Globe artichokes are architectural and detoxifying, with a pleasantly bitter aftertaste.
This spiky member of the thistle family produces edible globes of various hues and sizes. The small purple heads that gladden Italian markets in the early spring need little trimming and make excellent eating when sliced razor thin and served raw. The more available British crop produces large, green heads that require assertive trimming: a sharp heavy knife is essential. But the preparation work is worth it when you bite into those creamy-soft hearts and lower leaves with their pleasant underpinning of mild bitterness.
Why are globe artichokes good for me?
They contain a number of phytonutrients, such as apigenin, cynarin, silymarin and luteolin, which appear to have diuretic properties, detoxifying the liver, boosting gall bladder function, and improving bile flow. Widely used in traditional medicine as a remedy for water retention and liver ailments, globe artichokes are thought to aid digestion and help people who experience stomach acidity. Globe artichokes also contain a lot of soluble fibre, so they won't destabilise blood sugar levels. Some research suggests that artichoke leaf extract may also help ease irritable bowel syndrome symptoms.
Where to buy and what to pay
Supermarkets class large green globe artichokes as "exotic" - code for "expensive" - so expect to pay £2 each for the privilege. Indie greengrocers and market stalls charge a much more reasonable sum, from £1.20 each in spring, going down as low as 89p as the summer season gets into its stride. Italian food emporia may stock the pricier, small violet sort. Guide price: £10-12/kg.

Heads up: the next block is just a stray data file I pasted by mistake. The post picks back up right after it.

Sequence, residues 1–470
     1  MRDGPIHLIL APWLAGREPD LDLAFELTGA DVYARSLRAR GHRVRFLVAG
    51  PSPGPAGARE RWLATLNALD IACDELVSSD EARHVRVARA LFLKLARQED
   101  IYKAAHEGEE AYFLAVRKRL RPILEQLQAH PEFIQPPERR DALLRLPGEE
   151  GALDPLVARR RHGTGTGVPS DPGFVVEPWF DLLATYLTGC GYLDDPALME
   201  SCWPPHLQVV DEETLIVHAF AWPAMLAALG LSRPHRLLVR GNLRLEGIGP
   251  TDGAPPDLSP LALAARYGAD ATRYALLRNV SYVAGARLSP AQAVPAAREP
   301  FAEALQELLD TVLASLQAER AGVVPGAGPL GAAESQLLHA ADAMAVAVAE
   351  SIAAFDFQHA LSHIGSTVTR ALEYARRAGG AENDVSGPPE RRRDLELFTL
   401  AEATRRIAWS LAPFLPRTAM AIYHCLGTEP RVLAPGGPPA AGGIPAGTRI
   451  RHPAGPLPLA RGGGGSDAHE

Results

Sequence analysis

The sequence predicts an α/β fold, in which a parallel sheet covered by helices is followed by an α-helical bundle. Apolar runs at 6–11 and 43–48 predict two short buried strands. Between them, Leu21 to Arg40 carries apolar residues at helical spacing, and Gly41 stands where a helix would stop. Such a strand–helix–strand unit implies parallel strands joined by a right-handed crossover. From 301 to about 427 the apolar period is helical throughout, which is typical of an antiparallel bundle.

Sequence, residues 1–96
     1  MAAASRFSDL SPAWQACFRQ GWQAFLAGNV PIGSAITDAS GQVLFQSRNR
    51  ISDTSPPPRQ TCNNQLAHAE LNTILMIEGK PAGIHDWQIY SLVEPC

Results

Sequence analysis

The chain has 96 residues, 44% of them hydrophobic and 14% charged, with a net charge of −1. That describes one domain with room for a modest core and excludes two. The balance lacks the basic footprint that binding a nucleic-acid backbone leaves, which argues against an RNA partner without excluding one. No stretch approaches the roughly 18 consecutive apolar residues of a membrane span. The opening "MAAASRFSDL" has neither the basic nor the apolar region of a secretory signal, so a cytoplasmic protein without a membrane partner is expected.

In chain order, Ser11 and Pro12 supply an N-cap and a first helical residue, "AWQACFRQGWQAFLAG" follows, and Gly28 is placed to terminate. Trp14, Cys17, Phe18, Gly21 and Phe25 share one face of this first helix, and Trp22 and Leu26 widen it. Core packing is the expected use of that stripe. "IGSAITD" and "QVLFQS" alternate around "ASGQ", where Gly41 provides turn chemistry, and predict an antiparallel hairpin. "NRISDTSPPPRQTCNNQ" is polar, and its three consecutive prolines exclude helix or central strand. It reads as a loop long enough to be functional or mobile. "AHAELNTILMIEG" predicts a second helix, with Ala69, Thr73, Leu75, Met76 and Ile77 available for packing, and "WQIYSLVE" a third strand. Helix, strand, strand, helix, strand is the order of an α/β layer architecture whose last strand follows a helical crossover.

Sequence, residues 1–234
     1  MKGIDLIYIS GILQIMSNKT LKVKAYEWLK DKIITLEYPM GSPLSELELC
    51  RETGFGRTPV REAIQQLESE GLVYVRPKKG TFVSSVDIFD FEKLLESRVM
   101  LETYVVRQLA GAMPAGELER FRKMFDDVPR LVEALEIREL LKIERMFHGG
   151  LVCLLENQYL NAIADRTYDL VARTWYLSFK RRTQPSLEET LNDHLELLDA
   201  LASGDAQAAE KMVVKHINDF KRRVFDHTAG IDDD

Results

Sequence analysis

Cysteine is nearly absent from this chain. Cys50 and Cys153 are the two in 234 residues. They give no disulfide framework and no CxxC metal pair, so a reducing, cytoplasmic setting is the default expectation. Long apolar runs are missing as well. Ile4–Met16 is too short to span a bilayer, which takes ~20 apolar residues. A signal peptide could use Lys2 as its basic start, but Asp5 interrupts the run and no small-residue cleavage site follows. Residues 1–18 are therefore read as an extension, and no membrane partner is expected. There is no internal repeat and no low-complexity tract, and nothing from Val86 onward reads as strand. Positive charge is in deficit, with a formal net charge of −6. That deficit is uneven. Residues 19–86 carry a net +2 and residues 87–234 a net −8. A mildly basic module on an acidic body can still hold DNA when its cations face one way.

Joanna Blythman is the author of What To Eat (Fourth Estate, £9.99). To order a copy for £7.99 with free UK p&p, go to guardianbookshop.co.uk
Globe artichoke baked with goat's cheeseArtichokes make a tasty meal, without much preparation. They take a little work to eat, but it's well worth it.
4 globe artichokes, washed, stems and tough outer leaves removed
3 garlic cloves, roughly crushed
2 thyme sprigs, leaves removed from stalks (retain the stalks)
A handful of fresh parsley, tarragon and sorrel, leaves removed from stalks and finely chopped (retain the stalks)
300g soft goat's cheese
2 tbsp white wine or cider vinegar
4 tbsp olive oil
Salt and black pepper
1 Trim the tips of the artichoke leaves then place the artichokes in one layer in a saucepan. Add the garlic and herb stalks, then season with salt and vinegar. Just cover the artichokes with water and add 2 tbsp olive oil. Replace the lid and simmer for 45 minutes.
2 When the artichokes are ready. Drain them upside down in a colander.
3 When cool enough to handle, press the leaves back, so the artichoke looks like a flower. Pull out the small centre leaves and scrape out the choke.
4 Preheat the oven to 190C/375F/gas mark 5. Mix the breadcrumbs with 100g goat's cheese, the herbs and remaining oil and season to taste.
5 Put 50g goat's cheese inside each artichoke, close the leaves, packing the breadcrumb mix among them. Bake for 25 minutes, until golden.
6 To eat, open the artichoke and pull the leaves off, dip in the goat's cheese and scrape the soft base of the leaf off with your teeth. Then eat the heart.
Rosie Sykes is head chef of Fitzbillies (fitzbillies.com) and co-author of The Kitchen Revolution (Ebury Press, £27.50). To order a copy, for £19.99 with free UK p&p, go to guardianbookshop.co.uk
Photograph: Getty Images/StockFood